How many days is it acceptable to let pass when writing a blog? I do not know. I have not consulted social media with this question. I do not care, but I also have enough sense to know that gleaning some consensus from social media could be helpful in negotiating how to handle or manage content on social media–is it “though?” I have never developed the habit of writing day-in and day-in again in any of the journals I have kept over the years, now numbering several decades. Writing or not writing has become my to be or not; it must be every writers. Being a writer is the alpha and omega of who I am, of what I am–what am I? I could ask. I never really know what I think until I write, so however much thinking reveals who I am, what I say becoming somehow what I am, I must not be able to fully know who I am or what I am unless I write. I am genuinely asking this question from time to time, who am I? The other, what am I? just theme in variation. Who I am and what I am are flip sides of the same coin myself in one minting? But how many days is too many to let pass before I write again in my blog? I get the sense that something should be said nearly every day. How many entries in one day are also too many?
I do not know the answers to these questions, yet I am not sure I am actually asking here. I do have my own sense of what a blog is, although this remains at present amorphous, but that, too, mostly out of the mainstream, how my contemporaneity accepts changeableness. I could not articulate with confidence what others might be able to venture with assurance, an answer to the question, What is a blog? I do know that it is a web log, and that the word ‘log’ has something to do with what a ship’s captain keeps. I have said this before abut the log, what it means to keep a log, or what a log could be. I am sure that a captain’s log does have something in common with a personal journal although it has nothing in common with one, unless anyone who keeps a personal journal does so with the idea that others will read it. A ship’s captain’s log is a public record, actually, as is a web log. Facts are what they are. The internet is a sea; my web site is a ship, how could I miss this? We used to say surfing the web, so the idea that the internet is an ocean with waves to navigate is a good analogy.
Is this, what I herein keep, though, a blog? A web log; a matter of keeping a record of happenings? Not exactly, but a good deal of this happens herein. What happens herein has more to do with column writing for newspapers than other kinds of journalism, mostly set by the constraints of space, mostly kept to 200 to 300 hundred words, perhaps one typed double spaced page. It is not the blog I write when I am writing in the pages section, though, the place where I collect the essays I have written for this literary review, one or two that might be upwards of 20 to 30 pages in length. This journal of ideas and opinions and facts and information and arguments written in the form of essays, more trials of ideas, as I have said elsewhere in this website confirms to what standards of writing? To essay means to try. What is on trial, though? Too many things to list here, I could say.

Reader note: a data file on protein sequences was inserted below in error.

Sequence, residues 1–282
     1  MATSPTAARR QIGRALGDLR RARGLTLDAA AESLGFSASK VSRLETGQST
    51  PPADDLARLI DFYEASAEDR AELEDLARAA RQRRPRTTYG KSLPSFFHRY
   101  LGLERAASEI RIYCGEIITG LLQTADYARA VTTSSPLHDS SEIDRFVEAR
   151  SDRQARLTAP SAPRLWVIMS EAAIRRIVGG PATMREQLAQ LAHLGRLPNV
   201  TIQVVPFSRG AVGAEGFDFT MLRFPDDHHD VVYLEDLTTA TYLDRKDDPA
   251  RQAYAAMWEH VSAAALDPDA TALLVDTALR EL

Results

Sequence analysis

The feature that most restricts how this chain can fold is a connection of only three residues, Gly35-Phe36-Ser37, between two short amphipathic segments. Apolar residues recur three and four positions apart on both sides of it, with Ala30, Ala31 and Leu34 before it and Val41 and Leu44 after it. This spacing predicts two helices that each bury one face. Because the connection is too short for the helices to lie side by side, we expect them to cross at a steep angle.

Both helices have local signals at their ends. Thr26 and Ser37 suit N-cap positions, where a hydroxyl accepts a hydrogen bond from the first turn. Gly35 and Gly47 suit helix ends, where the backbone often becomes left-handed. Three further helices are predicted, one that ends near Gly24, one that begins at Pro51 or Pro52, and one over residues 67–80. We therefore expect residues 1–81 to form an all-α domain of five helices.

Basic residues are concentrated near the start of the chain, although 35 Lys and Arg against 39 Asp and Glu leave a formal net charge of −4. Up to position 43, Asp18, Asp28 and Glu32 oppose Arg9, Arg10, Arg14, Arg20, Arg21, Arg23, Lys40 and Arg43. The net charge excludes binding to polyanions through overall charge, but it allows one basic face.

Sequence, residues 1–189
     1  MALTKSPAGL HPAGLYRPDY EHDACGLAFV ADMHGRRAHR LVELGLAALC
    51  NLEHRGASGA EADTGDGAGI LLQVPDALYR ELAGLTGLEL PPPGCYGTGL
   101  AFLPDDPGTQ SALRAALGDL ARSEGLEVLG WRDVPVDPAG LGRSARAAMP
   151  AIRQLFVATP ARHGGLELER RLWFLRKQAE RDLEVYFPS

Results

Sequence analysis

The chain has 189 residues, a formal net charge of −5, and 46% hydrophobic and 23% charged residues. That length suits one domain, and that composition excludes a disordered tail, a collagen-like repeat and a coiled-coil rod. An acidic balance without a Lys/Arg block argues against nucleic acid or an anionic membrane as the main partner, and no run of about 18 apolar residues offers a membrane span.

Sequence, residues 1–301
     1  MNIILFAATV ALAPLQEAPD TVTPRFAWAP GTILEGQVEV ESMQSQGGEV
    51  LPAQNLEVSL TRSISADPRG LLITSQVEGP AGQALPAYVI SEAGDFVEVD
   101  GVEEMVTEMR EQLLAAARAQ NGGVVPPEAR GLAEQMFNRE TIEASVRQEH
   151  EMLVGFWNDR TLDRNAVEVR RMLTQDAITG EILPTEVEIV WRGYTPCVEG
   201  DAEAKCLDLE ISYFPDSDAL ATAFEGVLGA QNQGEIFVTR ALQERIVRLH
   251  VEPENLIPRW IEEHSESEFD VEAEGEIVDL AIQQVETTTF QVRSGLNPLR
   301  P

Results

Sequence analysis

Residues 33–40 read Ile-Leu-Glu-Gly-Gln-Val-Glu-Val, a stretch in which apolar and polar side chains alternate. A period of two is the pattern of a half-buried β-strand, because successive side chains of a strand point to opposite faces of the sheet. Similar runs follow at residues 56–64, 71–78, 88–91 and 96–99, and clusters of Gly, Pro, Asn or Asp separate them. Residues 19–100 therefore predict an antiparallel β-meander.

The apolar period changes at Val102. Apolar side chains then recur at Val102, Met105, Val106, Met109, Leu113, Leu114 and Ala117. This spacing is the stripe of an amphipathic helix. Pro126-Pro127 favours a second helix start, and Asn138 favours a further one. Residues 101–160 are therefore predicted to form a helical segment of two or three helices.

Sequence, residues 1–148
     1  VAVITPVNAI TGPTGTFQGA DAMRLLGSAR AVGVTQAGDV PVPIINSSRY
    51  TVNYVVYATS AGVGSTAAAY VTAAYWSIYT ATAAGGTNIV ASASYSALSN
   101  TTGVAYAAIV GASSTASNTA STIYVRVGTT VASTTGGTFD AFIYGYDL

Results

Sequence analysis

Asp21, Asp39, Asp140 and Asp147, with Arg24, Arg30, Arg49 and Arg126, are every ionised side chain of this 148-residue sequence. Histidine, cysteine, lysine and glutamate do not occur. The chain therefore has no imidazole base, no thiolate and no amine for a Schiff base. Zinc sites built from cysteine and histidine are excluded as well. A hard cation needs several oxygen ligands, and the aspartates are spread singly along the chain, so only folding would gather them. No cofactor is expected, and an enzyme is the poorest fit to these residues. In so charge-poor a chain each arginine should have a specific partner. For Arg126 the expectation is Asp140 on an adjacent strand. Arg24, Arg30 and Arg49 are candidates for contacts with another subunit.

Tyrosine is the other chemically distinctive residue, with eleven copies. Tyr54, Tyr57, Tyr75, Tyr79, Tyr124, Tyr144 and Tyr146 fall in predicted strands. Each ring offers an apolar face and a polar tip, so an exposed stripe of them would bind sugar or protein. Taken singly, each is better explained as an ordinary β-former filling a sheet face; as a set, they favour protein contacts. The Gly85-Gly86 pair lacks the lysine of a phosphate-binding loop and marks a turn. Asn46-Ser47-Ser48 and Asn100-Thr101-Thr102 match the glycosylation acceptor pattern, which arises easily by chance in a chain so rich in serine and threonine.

In the blog section, I might extend the writing beyond the one page constraint and work out essays that are then collected in the Pages section. Everything written herein, though, has the essay form as its model, even the 200 word entries. The review is more importantly a repository of the literary essay–as fore mentioned, and as will be mentioned again from time to time in other entries, other essays. I have outlined the form in one or two letters from the editor before this one, another letter from the editor–expect others; expect many. Are letters, essays? Of course they are or can be. Sometimes letters are lyric, which is neither narrative nor expository. I am not at the moment going to explicate any of them
Who I am with respect to this review, of which the web log is a part? I am the Editor-in-Chief. You know the title of the review, The Falling Leaf Review; so, I am the Editor-in-Chief of The Falling Leaf Review, and this is a perpetually publishing literary journal that I had once called The Essay Review. It seems self explanatory why I would call it this, The Essay Review, its principal focus or intention or purpose is the literary essay, as the heading over the pages collection infers, Essays, Essays, Essays.
I could say that I am the Publishing Editor, which is what I really am, and perhaps I will in time agree to calling myself such. At present, I have no aversion to using Publishing Editor; I just also use Editor-in-Chief. I have always liked the title, Editor-in-Chief. It is as much a matter of taste as it is anything else. Do I think the latter’s less pretentious? How is calling myself Editor-in-Chief less pretentious than calling me the Publishing Editor of The Falling Leaf Review? Why would I think that using the moniker, Publishing Editor is pretentious or more so than using Editor-in-Chief? Is it the hyphenation in the latter that I like? I recall an essay by Teddy Roosevelt about hyphenated Americans, or the fact in his mind that there are no hyphenated Americans. His was a tricky argument and one that many today might find as part of the problem to achieving greater inclusion, at least for this who are or who perceive themselves still excluded. I do understand the initial take on this, but then most if us read at a level less than we assume, and I have found that too many educated Americans are not literate enough for their supposed education or their position at work.